Online, doing searches for people to review the book, and one led me backward to indieBRAG: The original website said we could get “one point” toward earning a review by having a book that was honored with the B.R.A.G. Medallion, and naturally I set about to see what that was.
What are you working on next?

Look at my blogs: I’m very interested in issues of family dysfunction and drug addiction. Subset: among individuals in “nice” middle class families, where it’s least expected. But one of my readers wants me to write more Joey stories. I like my writing to be inspiration and to help people find, and hold onto, the good.

Thank you, Stephanie!

A message from BRAG:

We are delighted that Stephanie has chosen to interview Jane Hanser who is the author of, Dogs Don’t Look Both Ways, our medallion honoree at indieBRAG . To be awarded a B.R.A.G. Medallion TM, a book must receive unanimous approval by a group of our readers. It is a daunting hurdle and it serves to reaffirm that a book such as, Dogs Don’t Look Both Ways, merits the investment of a reader’s time and money.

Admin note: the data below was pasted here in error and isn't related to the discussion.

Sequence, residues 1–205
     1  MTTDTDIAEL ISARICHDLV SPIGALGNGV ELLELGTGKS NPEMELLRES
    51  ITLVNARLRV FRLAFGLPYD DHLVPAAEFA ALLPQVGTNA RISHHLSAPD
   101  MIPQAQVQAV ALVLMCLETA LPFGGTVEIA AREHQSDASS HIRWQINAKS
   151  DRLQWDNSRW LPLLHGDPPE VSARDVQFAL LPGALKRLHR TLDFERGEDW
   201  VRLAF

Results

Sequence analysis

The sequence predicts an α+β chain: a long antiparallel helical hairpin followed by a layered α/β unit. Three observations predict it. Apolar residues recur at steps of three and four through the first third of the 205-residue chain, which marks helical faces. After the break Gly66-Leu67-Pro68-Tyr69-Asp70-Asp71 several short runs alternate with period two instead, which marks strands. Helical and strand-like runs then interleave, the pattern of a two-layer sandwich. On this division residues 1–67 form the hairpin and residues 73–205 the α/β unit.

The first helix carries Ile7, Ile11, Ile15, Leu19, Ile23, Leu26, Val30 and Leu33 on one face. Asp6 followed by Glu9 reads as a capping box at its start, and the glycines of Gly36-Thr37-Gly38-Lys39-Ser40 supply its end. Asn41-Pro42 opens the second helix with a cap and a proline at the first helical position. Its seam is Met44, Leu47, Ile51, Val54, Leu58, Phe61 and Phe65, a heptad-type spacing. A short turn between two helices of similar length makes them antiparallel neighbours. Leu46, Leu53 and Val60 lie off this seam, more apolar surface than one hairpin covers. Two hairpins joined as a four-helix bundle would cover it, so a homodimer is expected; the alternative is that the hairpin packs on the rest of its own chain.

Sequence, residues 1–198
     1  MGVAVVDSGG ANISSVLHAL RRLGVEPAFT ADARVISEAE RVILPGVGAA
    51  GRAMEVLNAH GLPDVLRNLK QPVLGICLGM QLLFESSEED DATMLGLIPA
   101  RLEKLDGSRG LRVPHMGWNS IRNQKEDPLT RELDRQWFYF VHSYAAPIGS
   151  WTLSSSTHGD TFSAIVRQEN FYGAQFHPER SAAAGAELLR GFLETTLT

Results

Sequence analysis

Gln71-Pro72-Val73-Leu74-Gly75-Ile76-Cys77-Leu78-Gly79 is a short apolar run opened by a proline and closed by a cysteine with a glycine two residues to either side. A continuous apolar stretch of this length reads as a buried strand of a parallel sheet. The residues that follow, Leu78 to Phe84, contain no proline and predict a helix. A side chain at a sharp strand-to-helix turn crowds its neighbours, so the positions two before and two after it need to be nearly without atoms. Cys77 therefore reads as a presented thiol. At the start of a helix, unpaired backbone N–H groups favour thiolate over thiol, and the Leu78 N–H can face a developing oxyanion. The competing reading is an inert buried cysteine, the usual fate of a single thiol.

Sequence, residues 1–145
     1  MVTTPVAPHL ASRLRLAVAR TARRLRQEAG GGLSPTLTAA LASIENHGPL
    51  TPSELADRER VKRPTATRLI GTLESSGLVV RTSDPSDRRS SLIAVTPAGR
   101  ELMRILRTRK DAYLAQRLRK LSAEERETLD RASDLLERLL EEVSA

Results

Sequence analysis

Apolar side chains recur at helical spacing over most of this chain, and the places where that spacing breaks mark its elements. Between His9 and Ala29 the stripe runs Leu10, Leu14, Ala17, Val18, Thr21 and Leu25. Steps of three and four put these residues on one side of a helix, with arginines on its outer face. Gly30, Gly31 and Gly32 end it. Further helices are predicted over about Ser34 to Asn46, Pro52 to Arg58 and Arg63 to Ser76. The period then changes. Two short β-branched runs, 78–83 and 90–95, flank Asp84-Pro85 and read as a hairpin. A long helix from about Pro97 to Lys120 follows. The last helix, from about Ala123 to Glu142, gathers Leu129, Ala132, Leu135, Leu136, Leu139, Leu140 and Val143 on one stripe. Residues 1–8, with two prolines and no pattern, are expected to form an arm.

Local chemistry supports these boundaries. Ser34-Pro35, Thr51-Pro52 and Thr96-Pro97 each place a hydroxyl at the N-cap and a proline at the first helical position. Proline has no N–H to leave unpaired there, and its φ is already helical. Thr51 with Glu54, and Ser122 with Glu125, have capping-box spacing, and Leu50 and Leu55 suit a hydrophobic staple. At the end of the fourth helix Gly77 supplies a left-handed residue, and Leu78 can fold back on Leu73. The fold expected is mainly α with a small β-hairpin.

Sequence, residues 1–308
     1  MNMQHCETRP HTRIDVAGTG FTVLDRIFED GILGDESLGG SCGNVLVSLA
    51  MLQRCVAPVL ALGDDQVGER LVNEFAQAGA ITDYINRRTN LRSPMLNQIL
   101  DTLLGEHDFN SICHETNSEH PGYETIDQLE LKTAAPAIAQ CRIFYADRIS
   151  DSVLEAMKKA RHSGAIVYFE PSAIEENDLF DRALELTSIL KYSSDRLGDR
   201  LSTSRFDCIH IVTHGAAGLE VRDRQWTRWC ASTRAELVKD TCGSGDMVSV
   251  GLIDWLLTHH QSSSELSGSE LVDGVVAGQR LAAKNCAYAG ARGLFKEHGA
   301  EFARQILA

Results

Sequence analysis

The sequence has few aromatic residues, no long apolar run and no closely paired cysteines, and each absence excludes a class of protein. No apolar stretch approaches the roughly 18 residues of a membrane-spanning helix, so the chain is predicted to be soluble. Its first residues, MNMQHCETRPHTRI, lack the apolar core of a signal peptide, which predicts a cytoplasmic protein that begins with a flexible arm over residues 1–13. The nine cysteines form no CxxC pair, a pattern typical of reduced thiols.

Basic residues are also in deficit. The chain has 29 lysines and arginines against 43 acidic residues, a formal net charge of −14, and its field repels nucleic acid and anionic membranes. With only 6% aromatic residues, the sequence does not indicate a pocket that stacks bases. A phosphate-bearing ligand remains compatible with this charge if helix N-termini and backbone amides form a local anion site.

A Writer’s Life with B.R.A.G. Medallion Honoree Marisha Pink

Marisha Pink - Headshot

B.R.A.G. Medallion Honoree Marisha Pink is a rat race escapee turned author and entrepreneur.

Born and raised in London, from a young age she had an unhealthy obsession with books. She always dreamed of one day writing stories with the power to take readers on a journey, but somehow she wound up studying Chemistry and working in marketing instead.

In September 2012, after five years of climbing the corporate ladder, she decided that it was finally time to take the leap. Backpack in hand, she left everything behind to travel Southeast Asia and complete her debut novel, Finding Arun. She’s been on a mission not to live life by the book ever since.

Eventually returning to London in February 2013, Marisha raised the finance to publish the book through crowdfunding, and joined the self-publishing revolution. Released globally in September 2013, Finding Arun has earned a 5* Readers’ Favorite review, a B.R.A.G. Medallion, and a shortlisting for the inaugural Quagga Prize for Literary Fiction.

Marisha has been featured on BBC London 94.9FM, The Literary Platform, and across several popular blogs and podcasts. Her second novel, Last Piece of Me, the prequel to Finding Arun, was published on 5th March 2015 and is available from Amazon in paperback and ebook.

Marisha, why do you write?